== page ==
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Kapnick family honors father with $5 million gift to Weinberg College

Commitment to create Harvey Kapnick Center for Business Institutions, endowed professorship

Mary and Harvey Kapnick
Mary and Harvey Kapnick

EVANSTON - To the family of late Chicago businessman Harvey Kapnick, business is more than a singular career path. Business and its institutions are a central and dynamic part of our world, inextricably linked to culture, politics, philosophies, literature and society.

A new $5 million commitment from the Kapnick Foundation to Northwestern University’s Judd A. and Marjorie Weinberg College of Arts and Sciences will extend this vision to the academic arena, providing generations of students with a robust, multidisciplinary foundation in business education.

The gift will create the Harvey Kapnick Center for Business Institutions, expanding the Harvey Kapnick Business Institutions Program, home of Northwestern’s most popular minor. William Rogerson, the current Charles E. and Emma H. Morrison Professor, will continue to serve as director of the center.

The gift will also create an endowed professorship, the Harvey Kapnick Professor of Business Institutions, which will be held by the director of the center. The professorship is supported in part by alumni Patrick G. Ryan and Shirley W. Ryan through the Ryan Family Chair Challenge, which matches gifts made by other Northwestern supporters to establish new endowed professorships, or chairs, across a wide range of disciplines.

The professorship will be the second endowed chair established by the Kapnick family. The first chair, also named the Harvey Kapnick Professor of Business Institutions, was established in 1988 and is now held by Ronald R. Braeutigam, associate provost for undergraduate education and faculty member in the department of economics.

This most recent gift from the Kapnick Foundation counts toward We Will. The Campaign for Northwestern. Weinberg College has raised more than $250 million in support so far throughout the Campaign, advancing interdisciplinary thinking across the humanities, sciences and social sciences.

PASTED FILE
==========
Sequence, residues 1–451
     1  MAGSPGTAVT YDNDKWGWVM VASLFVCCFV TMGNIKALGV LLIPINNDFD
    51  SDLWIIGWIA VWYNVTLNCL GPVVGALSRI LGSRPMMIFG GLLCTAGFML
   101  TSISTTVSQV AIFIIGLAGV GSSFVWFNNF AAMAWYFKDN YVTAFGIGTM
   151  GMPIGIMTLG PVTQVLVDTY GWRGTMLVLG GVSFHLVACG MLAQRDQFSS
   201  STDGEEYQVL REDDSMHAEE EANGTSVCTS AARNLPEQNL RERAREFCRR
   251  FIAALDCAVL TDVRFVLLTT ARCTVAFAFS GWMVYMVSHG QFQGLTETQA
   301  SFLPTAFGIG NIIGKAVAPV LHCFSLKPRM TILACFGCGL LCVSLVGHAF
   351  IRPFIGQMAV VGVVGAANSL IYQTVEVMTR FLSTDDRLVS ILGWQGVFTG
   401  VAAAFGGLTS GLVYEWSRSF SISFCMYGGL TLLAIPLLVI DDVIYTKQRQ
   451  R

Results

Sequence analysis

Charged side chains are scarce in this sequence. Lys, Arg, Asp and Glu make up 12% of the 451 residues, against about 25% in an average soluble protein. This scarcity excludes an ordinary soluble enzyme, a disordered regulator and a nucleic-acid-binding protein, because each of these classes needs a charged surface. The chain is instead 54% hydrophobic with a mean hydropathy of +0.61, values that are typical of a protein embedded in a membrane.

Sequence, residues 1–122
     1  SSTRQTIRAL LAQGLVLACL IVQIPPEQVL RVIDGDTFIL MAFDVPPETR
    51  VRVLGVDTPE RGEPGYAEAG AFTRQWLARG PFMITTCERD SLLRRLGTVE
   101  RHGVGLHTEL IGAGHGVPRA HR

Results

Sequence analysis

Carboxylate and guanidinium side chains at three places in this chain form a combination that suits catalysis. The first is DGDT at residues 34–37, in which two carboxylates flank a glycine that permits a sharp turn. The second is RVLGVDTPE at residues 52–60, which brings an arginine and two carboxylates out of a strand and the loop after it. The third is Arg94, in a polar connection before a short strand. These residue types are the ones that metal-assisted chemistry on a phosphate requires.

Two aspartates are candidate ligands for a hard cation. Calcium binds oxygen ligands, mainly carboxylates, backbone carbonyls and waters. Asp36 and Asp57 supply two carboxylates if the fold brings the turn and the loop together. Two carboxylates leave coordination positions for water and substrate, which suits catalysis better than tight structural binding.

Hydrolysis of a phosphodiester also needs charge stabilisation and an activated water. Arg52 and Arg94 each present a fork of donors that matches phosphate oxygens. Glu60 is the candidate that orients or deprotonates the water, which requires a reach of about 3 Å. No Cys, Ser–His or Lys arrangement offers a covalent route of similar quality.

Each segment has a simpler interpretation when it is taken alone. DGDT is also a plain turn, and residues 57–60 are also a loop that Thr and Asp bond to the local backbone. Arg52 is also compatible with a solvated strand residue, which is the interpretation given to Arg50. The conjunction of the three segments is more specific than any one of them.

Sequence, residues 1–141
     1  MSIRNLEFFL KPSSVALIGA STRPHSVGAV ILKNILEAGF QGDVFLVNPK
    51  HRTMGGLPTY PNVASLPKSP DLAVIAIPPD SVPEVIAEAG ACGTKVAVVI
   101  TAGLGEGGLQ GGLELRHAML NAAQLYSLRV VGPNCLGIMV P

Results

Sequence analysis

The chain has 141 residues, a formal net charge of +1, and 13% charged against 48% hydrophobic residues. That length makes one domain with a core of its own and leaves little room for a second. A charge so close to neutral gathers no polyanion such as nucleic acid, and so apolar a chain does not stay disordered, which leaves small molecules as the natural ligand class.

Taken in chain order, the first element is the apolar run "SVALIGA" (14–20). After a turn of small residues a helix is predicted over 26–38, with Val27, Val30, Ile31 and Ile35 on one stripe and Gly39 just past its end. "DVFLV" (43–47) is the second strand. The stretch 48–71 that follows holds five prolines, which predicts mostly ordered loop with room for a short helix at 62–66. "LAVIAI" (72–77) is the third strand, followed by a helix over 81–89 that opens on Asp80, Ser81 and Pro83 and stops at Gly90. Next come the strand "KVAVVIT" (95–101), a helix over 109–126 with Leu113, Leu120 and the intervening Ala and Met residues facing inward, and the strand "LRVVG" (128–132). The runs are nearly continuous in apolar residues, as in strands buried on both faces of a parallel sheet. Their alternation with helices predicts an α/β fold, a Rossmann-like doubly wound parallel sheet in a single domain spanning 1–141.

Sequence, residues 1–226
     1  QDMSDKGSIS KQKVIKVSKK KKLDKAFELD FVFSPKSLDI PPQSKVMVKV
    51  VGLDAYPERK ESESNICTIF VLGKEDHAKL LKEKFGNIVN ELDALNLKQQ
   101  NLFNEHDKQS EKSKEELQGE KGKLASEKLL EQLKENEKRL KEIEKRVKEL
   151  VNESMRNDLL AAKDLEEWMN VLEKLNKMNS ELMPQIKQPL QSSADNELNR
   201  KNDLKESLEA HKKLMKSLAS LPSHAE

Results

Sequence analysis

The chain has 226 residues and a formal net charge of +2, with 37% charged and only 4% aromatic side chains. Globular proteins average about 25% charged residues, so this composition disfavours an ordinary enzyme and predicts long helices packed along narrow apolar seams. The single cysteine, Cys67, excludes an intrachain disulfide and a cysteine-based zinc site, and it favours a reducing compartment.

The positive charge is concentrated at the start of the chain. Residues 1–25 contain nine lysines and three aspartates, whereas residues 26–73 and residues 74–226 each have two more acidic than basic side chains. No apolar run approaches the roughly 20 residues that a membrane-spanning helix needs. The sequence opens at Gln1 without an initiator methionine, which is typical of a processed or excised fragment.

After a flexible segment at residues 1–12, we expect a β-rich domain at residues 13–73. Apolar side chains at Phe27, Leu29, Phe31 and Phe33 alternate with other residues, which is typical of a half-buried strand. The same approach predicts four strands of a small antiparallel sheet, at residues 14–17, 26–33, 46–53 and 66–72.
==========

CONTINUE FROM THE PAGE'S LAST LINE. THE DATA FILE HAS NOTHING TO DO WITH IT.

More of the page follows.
“I have had the pleasure of knowing the Kapnick family for many years,” Northwestern University President Morton Schapiro said. “It is absolutely thrilling to see the Kapnick Foundation build on Harvey Kapnick’s wonderful legacy as an insightful and highly ethical business leader  and to know that our students will go on to lead their professions guided by the same values.”

The Kapnick Center for Business Institutions will build upon Weinberg’s minor in business institutions, open to all Northwestern undergraduates. The minor encourages students to connect their study of business to broader areas of academic inquiry while providing a strong foundation in accounting, marketing management, organizational leadership, corporate finance and other areas.

Prerequisites for the minor include courses in macroeconomics, calculus and statistics. Core courses also include business tools courses, offered in partnership with the Kellogg School of Management; “Writing and Speaking in Business,” offered in partnership with the Bobbie and Stanton Cook Family Writing Program; and several offerings in the social sciences and humanities.

“We believe in a truly interdisciplinary arts and sciences education, which allows undergraduate students to develop broad horizons,” said Adrian Randolph, dean of Weinberg College. “Thanks to the Kapnick family’s vision and generosity, all Northwestern undergraduates will have the opportunity to study the history and processes of business in the context of their interdisciplinary studies.”

Specifically, the gift will provide support for:

  • Curriculum development, with an increased focus on data analytics
  • Undergraduate summer internships and research
  • Faculty research
  • Visiting executives in residence, lecture series and alumni networking events
  • Advising and career support

“Our family has known Morty Schapiro for years, and we are delighted to continue our long-standing tradition of supporting Northwestern University,” Scott Kapnick said. “Our hope is that this gift will allow more students to benefit from the broad interdisciplinary perspective that will prepare them as visionary leaders in their careers.”  

Harvey Kapnick, who passed away in 2002, was a life trustee and loyal supporter of Northwestern who, for years, never missed a home football game. A former chairman and chief executive of Arthur Andersen, Kapnick left the firm in 1979 because of concerns over potential conflicts of interest related to the accounting and consulting arms of the firm being engaged in business with the same clients. The same issues that Kapnick raised were investigated by the federal government during its prosecution of Arthur Andersen for its role in the collapse of Enron, according to Kapnick’s obituary.

Two of Kapnick’s grandchildren — Carolyn Hunter ’05 and John Kapnick ’10 — graduated from Northwestern. Kapnick had three sons — David, Brad and Scott Kapnick — all of whom have pursued careers related to finance.

The funds raised through the “We Will” Campaign are helping realize the transformational vision set forth in Northwestern’s strategic plan and solidify the University’s position among the world’s leading research universities. More information on We Will. The Campaign for Northwestern is available at wewill.northwestern.edu.

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